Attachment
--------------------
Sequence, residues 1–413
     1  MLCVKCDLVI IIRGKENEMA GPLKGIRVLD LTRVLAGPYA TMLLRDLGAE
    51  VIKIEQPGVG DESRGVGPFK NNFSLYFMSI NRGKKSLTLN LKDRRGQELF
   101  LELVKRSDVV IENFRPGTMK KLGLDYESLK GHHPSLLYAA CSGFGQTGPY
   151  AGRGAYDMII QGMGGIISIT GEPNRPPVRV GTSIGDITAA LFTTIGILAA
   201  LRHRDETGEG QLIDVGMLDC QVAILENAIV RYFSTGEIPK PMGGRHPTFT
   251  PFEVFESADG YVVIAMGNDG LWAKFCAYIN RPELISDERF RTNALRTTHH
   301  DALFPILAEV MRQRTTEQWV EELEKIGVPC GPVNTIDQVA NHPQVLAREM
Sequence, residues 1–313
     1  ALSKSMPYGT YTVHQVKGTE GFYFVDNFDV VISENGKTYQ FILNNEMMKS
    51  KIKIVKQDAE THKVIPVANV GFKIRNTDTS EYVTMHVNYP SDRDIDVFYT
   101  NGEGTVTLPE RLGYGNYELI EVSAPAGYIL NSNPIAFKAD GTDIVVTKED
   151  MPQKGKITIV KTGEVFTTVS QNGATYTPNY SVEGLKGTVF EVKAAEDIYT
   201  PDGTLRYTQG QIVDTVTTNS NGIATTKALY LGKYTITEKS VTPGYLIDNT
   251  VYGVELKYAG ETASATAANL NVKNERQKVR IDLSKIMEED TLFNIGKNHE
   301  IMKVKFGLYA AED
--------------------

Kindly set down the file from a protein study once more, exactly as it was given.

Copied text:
Sequence, residues 1–413
     1  MLCVKCDLVI IIRGKENEMA GPLKGIRVLD LTRVLAGPYA TMLLRDLGAE
    51  VIKIEQPGVG DESRGVGPFK NNFSLYFMSI NRGKKSLTLN LKDRRGQELF
   101  LELVKRSDVV IENFRPGTMK KLGLDYESLK GHHPSLLYAA CSGFGQTGPY
   151  AGRGAYDMII QGMGGIISIT GEPNRPPVRV GTSIGDITAA LFTTIGILAA
   201  LRHRDETGEG QLIDVGMLDC QVAILENAIV RYFSTGEIPK PMGGRHPTFT
   251  PFEVFESADG YVVIAMGNDG LWAKFCAYIN RPELISDERF RTNALRTTHH
   301  DALFPILAEV MRQRTTEQWV EELEKIGVPC GPVNTIDQVA NHPQVLAREM
Sequence, residues 1–313
     1  ALSKSMPYGT YTVHQVKGTE GFYFVDNFDV VISENGKTYQ FILNNEMMKS
    51  KIKIVKQDAE THKVIPVANV GFKIRNTDTS EYVTMHVNYP SDRDIDVFYT
   101  NGEGTVTLPE RLGYGNYELI EVSAPAGYIL NSNPIAFKAD GTDIVVTKED
   151  MPQKGKITIV KTGEVFTTVS QNGATYTPNY SVEGLKGTVF EVKAAEDIYT
   201  PDGTLRYTQG QIVDTVTTNS NGIATTKALY LGKYTITEKS VTPGYLIDNT
   251  VYGVELKYAG ETASATAANL NVKNERQKVR IDLSKIMEED TLFNIGKNHE
   301  IMKVKFGLYA AED